Sorry, I really love the Teddiness (and I hope Neil can start feeling comfortable at Hogwarts. His friends [was that a trio in the making?] give me hope), but boiling over apparently makes me more verbal.

Say, any chance Daniel might stay on as a new history teacher? It's not a role requiring magic, when all's said and done.

fernwithy From: fernwithy Date: April 27th, 2008 03:38 am (UTC) (Link)
Geoffrey does need to have sense knocked into him, but of course, anyone who tries is clearly an oppressor trying to shut him up.

Geoffrey would, I'm sure, insist that this only applies to "superstitious" people and not "scientific" ones like him, which is missing the point by a mile and a half.

Oh, yeah. It's all so very different when you're right about things. If only all of those other people would cease their apostasy see the light accept SCIENCE, DAMMIT! then we'd have heaven on earth, and all of our sins would be forgiv... er... I mean, you know, we'd be able to rationally fix all of the myriad things the troglodytes have been doing wrong.
marycontraria From: marycontraria Date: April 26th, 2008 04:59 pm (UTC) (Link)
The Galdreward Quarantine makes me think of Eyam, possibly the most famous of the Muggle quarantines... a tragic story, but one I've found fascinating for a good few years now.

I love the whol section, but the one bit that rang truest to me was the way you described all of the students' behaviour during the lecture. Such a bunch of distinct characters, which is great. Personally, I would have been most like Franklin - spent most of my class hours drawing instead of taking notes (which doesn't mean that I wasn't listening).
fernwithy From: fernwithy Date: April 27th, 2008 03:42 am (UTC) (Link)
I don't even draw (really) and my notebooks look like that. I was sitting in a meeting the other day and a colleague said, "Oo, nice 'gator." Which I'd drawn absently while listening to the conversation. Along with three flowers, one in a pot in the foreground with a house behind it and a sun up in the corner shooting diagonal rays around. Around three jotted lines of notes.

I always used to fail assignments where teachers demanded to see my notebooks. No one has the slightest clue what my notes say except for me, and even I only remember for a week or so. ;p
From: daphne_23 Date: April 26th, 2008 06:53 pm (UTC) (Link)

Just delurking (after quite a while of lurking, sadly) to say how much I've enjoyed reading your Shifts, Shades and the Teddy stories over the last few months... I love your Remus and Tonks - particularly Tonks as we saw much less of her in the books, and yet you've fleshed her out so well that I almost prefer her to Remus in your stories (which says a lot considering Remus has been my favourite character since I first read POA!) I'm also really impressed by the number of OCs/minor HP characters that you seem to handle each story, and how you make their plotlines as interesting as the HP characters - I love Maddie, Sanjiv, Daniel Morse and Vivian in particular! (another bonus with the Teddy stories is finding out more about these characters eleven-odd years on...) However my favourite of your OCs has to be Ruthless; I love her in the Teddy stories and I liked the Ruthless/James snippet you wrote as well :)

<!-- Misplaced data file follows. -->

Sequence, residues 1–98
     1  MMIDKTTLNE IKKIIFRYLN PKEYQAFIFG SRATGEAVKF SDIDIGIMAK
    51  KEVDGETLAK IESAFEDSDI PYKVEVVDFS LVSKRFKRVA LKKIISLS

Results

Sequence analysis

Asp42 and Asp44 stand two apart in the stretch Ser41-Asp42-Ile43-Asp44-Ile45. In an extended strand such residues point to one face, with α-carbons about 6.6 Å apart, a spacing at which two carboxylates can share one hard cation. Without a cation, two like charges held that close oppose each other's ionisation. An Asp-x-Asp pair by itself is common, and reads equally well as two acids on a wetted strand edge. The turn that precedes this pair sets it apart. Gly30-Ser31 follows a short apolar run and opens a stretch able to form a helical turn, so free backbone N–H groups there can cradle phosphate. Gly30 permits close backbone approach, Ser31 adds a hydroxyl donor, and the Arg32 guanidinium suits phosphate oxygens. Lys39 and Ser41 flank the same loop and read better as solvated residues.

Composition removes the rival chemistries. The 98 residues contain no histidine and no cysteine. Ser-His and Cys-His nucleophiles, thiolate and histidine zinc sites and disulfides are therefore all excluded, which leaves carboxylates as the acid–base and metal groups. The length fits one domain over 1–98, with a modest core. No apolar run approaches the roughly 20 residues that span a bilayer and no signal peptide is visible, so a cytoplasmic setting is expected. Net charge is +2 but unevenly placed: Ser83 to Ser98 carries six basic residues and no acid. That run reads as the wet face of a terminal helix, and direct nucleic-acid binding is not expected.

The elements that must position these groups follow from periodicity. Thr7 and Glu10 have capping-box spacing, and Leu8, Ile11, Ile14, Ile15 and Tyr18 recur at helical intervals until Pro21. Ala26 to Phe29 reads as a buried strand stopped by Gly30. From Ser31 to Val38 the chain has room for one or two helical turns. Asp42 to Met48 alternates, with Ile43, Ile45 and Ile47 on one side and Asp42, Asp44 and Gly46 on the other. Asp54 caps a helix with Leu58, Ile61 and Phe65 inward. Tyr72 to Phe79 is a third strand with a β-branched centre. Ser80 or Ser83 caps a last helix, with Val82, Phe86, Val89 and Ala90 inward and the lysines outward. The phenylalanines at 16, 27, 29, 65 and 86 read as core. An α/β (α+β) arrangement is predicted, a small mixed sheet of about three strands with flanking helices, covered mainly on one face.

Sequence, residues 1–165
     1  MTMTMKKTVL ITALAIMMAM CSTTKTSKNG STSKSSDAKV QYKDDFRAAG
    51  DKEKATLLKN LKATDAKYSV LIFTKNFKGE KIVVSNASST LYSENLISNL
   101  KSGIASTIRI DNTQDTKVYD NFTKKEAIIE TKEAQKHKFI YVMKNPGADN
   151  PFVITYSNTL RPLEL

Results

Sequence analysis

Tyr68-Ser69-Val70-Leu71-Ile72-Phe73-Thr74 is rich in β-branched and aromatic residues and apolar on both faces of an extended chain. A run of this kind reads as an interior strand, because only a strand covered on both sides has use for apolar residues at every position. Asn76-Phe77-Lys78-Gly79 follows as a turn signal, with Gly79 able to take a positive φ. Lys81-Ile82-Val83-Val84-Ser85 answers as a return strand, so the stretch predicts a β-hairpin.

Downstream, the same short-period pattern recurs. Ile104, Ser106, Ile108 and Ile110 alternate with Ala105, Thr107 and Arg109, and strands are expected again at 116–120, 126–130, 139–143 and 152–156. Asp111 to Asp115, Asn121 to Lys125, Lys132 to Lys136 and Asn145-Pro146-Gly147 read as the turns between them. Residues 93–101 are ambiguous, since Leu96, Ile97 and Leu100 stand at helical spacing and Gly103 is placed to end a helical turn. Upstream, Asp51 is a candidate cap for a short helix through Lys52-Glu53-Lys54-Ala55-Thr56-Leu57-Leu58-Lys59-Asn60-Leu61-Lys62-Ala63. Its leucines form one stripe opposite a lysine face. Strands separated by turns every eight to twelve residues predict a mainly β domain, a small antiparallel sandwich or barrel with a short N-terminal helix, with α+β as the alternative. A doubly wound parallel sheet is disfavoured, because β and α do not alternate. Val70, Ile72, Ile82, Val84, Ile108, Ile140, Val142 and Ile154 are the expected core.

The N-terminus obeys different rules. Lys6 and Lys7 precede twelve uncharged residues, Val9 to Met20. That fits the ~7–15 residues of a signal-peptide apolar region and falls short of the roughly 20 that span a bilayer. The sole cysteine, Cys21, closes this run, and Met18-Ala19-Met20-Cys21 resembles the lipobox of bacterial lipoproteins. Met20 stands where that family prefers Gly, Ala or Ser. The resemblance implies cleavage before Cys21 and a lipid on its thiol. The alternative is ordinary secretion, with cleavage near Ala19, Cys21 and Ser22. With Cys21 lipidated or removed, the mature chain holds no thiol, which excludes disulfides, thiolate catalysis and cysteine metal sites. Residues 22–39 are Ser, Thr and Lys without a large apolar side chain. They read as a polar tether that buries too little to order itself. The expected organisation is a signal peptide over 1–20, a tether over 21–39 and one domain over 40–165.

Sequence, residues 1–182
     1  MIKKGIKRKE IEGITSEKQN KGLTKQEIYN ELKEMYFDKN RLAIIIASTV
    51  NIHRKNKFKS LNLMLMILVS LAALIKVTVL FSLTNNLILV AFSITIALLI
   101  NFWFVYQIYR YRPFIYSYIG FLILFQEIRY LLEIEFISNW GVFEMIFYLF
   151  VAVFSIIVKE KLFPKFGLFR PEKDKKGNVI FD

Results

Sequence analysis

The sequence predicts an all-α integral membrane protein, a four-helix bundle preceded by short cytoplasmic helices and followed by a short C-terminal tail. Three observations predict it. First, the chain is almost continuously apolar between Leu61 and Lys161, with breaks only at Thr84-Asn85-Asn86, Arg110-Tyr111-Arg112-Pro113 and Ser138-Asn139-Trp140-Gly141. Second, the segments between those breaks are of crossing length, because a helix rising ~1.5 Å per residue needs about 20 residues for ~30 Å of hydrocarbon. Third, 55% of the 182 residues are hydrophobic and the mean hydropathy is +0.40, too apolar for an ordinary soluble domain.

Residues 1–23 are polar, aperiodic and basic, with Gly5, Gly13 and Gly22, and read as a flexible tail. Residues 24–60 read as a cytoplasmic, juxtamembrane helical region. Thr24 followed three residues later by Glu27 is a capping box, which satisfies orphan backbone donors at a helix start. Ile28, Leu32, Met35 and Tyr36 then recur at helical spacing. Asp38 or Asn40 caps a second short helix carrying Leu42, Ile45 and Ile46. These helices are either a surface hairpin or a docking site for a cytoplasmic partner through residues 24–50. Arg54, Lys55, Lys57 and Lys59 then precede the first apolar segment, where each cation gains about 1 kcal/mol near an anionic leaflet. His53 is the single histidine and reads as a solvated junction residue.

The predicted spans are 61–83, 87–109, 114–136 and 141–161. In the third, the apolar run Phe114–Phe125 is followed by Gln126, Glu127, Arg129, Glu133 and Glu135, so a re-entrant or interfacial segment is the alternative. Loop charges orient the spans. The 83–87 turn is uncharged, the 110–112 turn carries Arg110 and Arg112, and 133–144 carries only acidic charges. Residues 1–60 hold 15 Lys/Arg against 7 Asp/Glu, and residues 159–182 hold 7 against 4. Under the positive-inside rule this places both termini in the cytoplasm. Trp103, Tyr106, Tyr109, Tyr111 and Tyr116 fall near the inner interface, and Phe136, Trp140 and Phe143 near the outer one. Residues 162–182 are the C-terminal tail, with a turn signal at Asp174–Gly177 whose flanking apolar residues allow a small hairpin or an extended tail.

Anyway, apologies for not commenting before and I'll try to comment more often as you continue with this Teddy story; thank you for providing so many hours of entertainment!

fernwithy From: fernwithy Date: April 27th, 2008 03:44 am (UTC) (Link)
Hi, welcome aboard! Glad you've liked the stories. I miss Remus and Tonks. A lot! Ruthless was a delightful surprise. Someone recommended that Teddy have a friend in another year in Gryffindor, and she just popped up at the breakfast table, fully formed.
littletwitchy From: littletwitchy Date: April 26th, 2008 07:15 pm (UTC) (Link)
Yay! I SO wanted to see Daniel Morse teach a history class =)
fernwithy From: fernwithy Date: April 27th, 2008 03:45 am (UTC) (Link)
Glad to be of service. :)
From: (Anonymous) Date: April 26th, 2008 07:39 pm (UTC) (Link)
Allo, I'm another lurker who finally had to de-lurk because of the actual, real, enjoyable history lesson! As another lover of history, one of the major things that always bothered me about the books was the fact that not only is the history teacher lame, but he's pretty much got the position for all eternity. Extremely frustrating! It was so lovely to see a good history lesson, and I just love Daniel. I'm so glad you were able to bring him back in!

In general, though... I've been lurking for, oh, a few months now. It took awhile, but I managed to finish all your major stories and then I went back through the LJ to get all the one-shots and snippets (by that point it was something of an obsession) and I just have to say... I totally heart your world. You have such a great gift for creating very real, three-dimensional characters, whether those characters are from the books or your own OCs. I also love the way you work everything around canon and hardly seem to miss a beat when you get jossed. And your prolific-ness just astounds me.

Amazing work, and I can't wait to see where this is going. Oh, and I almost forgot -- the Scottish beach in the beginning just made me wriggle with joy, thinking about Teddy and Victoire's future island. Yay!

fernwithy From: fernwithy Date: April 27th, 2008 03:47 am (UTC) (Link)
As another lover of history, one of the major things that always bothered me about the books was the fact that not only is the history teacher lame, but he's pretty much got the position for all eternity. Extremely frustrating!

Yeah, I know. But I figure it's the same as it was with the bad librarian--if Harry'd had a decent history teacher, the books would be a lot shorter, since so much ended up depending on history.

I'm glad you've been enjoying the stories. This is how I let off steam and get away from reality for a little while, so it's good that it does some good for other people, too!